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Lancian flora summary

This is a short summary of the data I have on the plants of the Lance
and Hell Creek Formations.  It mostly includes only the more common or
characteristic leaf species.

Common Trees and Shrubs                                 Aprox. Modern

Dryophyllum subfalcatum (most common sp.)               chestnut/walnut

Sequoiites artus (formerly S. dakotensis)               bald cypress

Salix lancensis                                         willow

Laurophyllum salicifolium                               willow

Platanophyllum montanum                                 sycamore (US)

Quercophyllum gardneri                                  ?scrub oak

Gingko adiantoides                                      ginkgo

Araucarites longifolia (localized)                      monkey puzzle

"Ficus" planicostata                                    buckthorn
"Fixus" trinervis                                       buckthorn
Rhamnus cleburni                                        buckthorn

Trochodendroides arctica (ex Cercidiphyllum a.)

"Vitis" stantoni                                   witch hazel/mulberry

Sabalites eocenica                                      palmetto
Sabalites montana                                       palmetto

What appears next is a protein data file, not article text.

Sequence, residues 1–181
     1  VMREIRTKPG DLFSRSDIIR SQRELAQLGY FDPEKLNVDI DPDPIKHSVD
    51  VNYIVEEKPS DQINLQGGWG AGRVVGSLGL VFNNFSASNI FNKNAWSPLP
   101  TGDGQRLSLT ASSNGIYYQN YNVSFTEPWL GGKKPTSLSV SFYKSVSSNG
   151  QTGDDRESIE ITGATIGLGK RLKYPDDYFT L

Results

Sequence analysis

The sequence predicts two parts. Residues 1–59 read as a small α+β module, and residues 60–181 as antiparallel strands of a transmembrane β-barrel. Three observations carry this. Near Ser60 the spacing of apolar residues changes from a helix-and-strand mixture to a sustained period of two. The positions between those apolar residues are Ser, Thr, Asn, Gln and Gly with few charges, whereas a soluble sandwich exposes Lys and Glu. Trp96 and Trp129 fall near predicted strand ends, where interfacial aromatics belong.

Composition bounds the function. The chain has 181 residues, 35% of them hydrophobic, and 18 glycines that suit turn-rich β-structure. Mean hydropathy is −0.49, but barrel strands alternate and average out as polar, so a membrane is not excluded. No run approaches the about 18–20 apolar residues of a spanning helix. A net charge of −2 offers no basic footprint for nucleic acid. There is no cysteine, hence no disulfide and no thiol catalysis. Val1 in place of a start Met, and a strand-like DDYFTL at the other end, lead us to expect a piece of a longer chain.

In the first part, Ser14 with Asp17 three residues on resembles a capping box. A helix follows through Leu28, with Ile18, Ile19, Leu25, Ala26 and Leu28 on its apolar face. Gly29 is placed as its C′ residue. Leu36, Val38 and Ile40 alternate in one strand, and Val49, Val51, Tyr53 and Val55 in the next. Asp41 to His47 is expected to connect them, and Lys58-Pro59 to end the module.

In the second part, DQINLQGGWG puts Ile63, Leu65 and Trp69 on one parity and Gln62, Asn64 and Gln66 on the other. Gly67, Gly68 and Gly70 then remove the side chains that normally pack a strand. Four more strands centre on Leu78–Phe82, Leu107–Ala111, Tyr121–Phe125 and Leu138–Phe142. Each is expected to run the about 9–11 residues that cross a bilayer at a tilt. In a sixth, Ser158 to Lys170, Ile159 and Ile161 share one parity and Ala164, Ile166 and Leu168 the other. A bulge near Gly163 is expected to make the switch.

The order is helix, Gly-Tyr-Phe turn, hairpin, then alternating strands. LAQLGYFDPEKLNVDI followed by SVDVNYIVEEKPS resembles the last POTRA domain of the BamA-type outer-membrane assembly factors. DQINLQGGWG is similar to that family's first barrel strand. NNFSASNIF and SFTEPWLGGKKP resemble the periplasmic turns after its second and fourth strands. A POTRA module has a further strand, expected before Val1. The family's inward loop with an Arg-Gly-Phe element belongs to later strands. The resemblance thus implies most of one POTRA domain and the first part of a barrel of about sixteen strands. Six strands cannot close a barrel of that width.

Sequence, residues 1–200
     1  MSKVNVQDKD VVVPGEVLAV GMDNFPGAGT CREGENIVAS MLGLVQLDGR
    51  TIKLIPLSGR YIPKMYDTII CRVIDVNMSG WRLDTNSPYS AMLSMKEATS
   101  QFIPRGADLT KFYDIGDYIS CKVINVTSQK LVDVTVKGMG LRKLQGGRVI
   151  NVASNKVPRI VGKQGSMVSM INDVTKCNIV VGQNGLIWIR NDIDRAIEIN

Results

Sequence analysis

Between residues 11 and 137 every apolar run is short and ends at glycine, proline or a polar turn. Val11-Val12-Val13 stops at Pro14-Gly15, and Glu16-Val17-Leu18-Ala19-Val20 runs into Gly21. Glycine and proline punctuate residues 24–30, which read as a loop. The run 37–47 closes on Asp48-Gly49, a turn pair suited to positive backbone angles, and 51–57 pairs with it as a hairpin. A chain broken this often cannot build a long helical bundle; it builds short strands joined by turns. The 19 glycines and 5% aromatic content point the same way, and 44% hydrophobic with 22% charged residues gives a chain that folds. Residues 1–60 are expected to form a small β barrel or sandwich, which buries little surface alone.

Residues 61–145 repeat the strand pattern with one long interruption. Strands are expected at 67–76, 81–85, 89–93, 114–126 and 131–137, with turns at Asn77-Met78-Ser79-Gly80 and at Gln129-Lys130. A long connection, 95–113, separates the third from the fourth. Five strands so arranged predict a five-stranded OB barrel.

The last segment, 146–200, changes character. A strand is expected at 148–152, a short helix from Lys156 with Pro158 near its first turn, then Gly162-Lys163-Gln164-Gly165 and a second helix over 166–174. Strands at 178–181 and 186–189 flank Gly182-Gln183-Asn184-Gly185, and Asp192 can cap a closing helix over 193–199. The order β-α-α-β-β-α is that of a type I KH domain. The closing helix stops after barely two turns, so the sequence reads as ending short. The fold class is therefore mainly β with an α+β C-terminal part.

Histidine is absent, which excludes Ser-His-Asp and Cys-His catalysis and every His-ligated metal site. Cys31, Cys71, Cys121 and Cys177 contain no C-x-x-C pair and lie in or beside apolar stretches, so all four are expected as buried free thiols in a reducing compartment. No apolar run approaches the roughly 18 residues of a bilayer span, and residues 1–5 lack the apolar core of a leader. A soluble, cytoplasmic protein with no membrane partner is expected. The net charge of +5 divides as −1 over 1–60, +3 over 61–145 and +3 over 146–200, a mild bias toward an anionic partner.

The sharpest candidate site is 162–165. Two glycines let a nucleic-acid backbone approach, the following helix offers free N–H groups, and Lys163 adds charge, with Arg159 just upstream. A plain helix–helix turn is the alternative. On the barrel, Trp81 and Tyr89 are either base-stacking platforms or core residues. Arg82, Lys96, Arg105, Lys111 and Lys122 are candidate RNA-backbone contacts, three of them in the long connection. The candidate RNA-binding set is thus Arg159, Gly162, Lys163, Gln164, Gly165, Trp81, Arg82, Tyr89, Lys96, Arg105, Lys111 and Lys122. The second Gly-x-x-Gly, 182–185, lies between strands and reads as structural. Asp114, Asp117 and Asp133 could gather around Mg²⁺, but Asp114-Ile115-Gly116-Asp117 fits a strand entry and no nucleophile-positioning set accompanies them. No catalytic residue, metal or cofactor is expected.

Annona robusta                                          pawpaw

"Celastrinites" insignis                                (Eucommiaceae)

Other Plants                                            Modern Analog

"Cissus" marginatus                                     vine

Nymphaeites angulatus                                   water lily
Nymphaeites dawsoni                                     water lily

"Dryopteris" carbonensis                                wood fern

Woodwardia crenata                                      wood fern

Cyperacites/"Typha"                             sedges and/or rushes

[The last is a collection of rather indeterminate monocot fragments
with parallel venation, which I include because they are fairly
frequent in the collections; exact identity is very uncertain, and
asignment to "Cyperacites" or "Typha" was originally based mostly
on size, with "Typha" holding the larger variants; all I can really
say is that they apparently belong to vaguely grass-like plants].

As can be seen, this flora is that of a warm temperate deciduous
floodplain forest complex.  Both my data set and other, already
published, analyses show that the _Sequoiites_ is characteristic
of peat swamps and the margins of sloughs, while the _Dryophyllum_
is typical of better-drained parts of the floodplain.  My data suggests
that there is even more ecological segregation than that, with several
different floodplain communities recognizable.

Very similar (and I do mean *very* similar) floras are known from
both earlier times and from Paleocene, or even Early Eocene times.

swf@elsegundoca.ncr.com         sarima@ix.netcom.com

The peace of God be with you.